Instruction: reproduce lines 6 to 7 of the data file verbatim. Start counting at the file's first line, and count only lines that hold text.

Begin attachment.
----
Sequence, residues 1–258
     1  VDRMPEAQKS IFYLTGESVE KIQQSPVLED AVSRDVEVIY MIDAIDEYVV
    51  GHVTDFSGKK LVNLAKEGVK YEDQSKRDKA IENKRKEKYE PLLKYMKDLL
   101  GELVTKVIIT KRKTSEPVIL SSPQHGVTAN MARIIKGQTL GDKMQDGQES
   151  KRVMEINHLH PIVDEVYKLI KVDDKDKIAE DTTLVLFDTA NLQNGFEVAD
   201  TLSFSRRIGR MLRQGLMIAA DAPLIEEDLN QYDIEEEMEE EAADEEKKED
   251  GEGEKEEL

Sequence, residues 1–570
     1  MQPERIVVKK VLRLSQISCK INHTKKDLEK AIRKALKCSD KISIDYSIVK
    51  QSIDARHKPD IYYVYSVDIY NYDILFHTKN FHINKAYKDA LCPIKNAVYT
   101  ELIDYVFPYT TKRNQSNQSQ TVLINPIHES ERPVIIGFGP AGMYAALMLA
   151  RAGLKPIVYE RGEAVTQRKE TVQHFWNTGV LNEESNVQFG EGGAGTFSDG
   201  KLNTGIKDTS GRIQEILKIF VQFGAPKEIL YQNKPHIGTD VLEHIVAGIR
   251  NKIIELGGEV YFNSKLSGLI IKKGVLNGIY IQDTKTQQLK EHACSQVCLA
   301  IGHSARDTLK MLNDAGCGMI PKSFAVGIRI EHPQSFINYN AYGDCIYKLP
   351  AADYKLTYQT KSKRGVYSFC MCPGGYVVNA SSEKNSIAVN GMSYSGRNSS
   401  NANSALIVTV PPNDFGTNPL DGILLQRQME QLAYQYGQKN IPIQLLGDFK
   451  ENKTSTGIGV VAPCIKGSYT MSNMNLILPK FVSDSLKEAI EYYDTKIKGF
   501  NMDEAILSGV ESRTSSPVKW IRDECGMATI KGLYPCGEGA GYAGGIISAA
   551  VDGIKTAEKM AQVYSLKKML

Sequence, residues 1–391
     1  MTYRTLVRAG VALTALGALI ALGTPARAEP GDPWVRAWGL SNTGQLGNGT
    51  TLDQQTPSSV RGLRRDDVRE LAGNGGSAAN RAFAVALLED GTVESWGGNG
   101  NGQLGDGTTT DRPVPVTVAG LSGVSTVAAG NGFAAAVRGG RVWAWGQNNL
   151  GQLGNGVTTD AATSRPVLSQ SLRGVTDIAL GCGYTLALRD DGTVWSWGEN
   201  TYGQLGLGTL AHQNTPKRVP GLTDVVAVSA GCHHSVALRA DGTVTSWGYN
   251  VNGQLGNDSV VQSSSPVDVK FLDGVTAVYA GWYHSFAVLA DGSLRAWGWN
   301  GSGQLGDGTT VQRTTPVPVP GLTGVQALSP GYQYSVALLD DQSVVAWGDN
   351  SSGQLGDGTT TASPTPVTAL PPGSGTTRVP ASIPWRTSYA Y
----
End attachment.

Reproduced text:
   201  TLSFSRRIGR MLRQGLMIAA DAPLIEEDLN QYDIEEEMEE EAADEEKKED
   251  GEGEKEEL